This is a great question to think about in relation to this excellent novel. Clearly, one part of the story that you cannot ignore at all is the point of view. Having Holden tell the story himself means that we gain unprecedented access to his thoughts and motives, seeing what he things about other people that he comes across in the story and also what he thinks about himself. This is a very revealing narrative choice that the author has made, and one of the fascinating stylistic consequences of using a first person narrator is that the narrator can themselves be unreliable, perhaps unknowingly. When we think about this in relation to this novel, we can see how Holden Caulfield often presents himself as a character who is a "phoney" whilst at the same time he bemoans the "phoniness" in others as a negative trait. Consider the following example from the beginning of Chapter Three:
I'm the most terrific liar you ever saw in your life. It's awful. If I'm on my way to the store to buy a magazine, even, and somebody asks me where I'm going, I'm liable to say I'm going to the opera. It's terrible. So when I told old Spencer I had to go to the gym to get my equipment and stuff, that was a sheer lie. I don't even keep kmy goddam equipment in the gym.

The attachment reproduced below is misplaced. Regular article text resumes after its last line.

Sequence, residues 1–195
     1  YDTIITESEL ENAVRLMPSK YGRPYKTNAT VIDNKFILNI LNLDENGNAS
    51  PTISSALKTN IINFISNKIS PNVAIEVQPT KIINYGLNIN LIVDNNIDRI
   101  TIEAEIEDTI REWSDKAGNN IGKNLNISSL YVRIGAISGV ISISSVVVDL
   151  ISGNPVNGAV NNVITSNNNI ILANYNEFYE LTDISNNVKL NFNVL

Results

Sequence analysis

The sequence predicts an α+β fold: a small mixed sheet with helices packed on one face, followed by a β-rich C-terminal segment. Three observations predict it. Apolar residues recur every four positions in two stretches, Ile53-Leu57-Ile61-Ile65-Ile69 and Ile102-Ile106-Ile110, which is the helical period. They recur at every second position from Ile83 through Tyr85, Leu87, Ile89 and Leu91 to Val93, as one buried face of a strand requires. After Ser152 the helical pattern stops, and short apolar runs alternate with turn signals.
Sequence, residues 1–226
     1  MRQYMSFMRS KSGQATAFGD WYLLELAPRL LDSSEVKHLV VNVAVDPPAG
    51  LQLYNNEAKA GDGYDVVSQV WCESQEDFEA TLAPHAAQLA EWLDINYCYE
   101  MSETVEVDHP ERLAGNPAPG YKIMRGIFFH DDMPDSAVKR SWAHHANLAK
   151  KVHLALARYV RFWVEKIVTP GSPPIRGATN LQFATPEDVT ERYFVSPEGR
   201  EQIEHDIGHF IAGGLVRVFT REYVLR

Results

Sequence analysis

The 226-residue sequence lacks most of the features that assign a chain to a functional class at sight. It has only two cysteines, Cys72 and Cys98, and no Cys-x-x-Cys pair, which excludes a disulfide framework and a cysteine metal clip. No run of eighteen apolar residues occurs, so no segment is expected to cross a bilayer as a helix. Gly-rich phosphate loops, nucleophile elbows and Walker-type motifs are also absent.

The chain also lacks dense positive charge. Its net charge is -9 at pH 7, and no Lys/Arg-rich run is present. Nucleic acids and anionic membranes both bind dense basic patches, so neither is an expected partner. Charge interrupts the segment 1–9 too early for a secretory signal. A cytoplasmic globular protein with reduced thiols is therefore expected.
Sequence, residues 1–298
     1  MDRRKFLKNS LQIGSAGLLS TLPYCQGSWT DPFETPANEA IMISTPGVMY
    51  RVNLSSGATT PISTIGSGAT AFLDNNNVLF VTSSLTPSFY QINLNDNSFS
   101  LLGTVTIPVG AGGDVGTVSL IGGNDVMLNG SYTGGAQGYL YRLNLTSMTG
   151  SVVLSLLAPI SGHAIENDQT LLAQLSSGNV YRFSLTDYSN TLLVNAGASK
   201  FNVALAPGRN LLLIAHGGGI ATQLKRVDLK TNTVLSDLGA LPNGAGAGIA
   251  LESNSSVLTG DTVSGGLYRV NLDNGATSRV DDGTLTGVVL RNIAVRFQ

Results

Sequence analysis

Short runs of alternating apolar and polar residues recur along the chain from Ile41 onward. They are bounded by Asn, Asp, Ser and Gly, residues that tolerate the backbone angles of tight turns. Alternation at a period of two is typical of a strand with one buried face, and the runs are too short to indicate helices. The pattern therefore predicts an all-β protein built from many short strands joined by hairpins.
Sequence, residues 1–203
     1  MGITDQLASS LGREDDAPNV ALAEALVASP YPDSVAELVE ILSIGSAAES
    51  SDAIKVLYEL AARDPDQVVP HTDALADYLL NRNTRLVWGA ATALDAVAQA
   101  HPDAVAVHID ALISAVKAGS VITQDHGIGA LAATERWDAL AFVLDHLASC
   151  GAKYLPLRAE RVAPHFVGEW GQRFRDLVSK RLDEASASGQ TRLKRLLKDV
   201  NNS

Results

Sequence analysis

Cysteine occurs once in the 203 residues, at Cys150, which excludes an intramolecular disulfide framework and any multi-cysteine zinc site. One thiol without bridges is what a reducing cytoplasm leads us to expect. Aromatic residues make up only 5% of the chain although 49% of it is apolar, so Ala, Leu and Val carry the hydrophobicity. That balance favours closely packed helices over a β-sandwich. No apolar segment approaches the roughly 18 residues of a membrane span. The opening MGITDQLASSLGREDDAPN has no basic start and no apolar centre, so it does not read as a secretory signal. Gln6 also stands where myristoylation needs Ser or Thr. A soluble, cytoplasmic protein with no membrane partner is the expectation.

Holden himself admits that he is a liar, but he does not associate this trait with him being a "phony" at all, which causes us as readers to question his objectivity. A thesis statement you might wish to use therefore to link narrative and character style would be the following:
The first person point of view of The Catcher in the Rye allows us to see the internal complexities of Holden Caulfield as a character and gives us even more understanding of his quest than he has himself.
Such a thesis statement would allow you to explore the inconsistencies within Caulfield himself and explore his character and how it develops through his trip.
thanks so much that helped heaps i know how to start my draft now thanks again